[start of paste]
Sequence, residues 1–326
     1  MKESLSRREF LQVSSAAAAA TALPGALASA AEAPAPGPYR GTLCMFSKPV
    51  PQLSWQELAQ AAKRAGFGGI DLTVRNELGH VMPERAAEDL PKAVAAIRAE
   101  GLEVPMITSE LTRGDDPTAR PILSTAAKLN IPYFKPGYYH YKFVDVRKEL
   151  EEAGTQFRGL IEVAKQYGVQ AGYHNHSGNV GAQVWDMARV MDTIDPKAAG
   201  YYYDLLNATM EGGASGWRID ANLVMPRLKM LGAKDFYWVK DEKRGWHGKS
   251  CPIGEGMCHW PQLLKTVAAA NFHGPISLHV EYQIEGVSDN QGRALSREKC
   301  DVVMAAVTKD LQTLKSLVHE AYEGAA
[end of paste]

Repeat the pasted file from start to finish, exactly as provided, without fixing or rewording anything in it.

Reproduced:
Sequence, residues 1–326
     1  MKESLSRREF LQVSSAAAAA TALPGALASA AEAPAPGPYR GTLCMFSKPV
    51  PQLSWQELAQ AAKRAGFGGI DLTVRNELGH VMPERAAEDL PKAVAAIRAE
   101  GLEVPMITSE LTRGDDPTAR PILSTAAKLN IPYFKPGYYH YKFVDVRKEL
   151  EEAGTQFRGL IEVAKQYGVQ AGYHNHSGNV GAQVWDMARV MDTIDPKAAG
   201  YYYDLLNATM EGGASGWRID ANLVMPRLKM LGAKDFYWVK DEKRGWHGKS
   251  CPIGEGMCHW PQLLKTVAAA NFHGPISLHV EYQIEGVSDN QGRALSREKC
   301  DVVMAAVTKD LQTLKSLVHE AYEGAA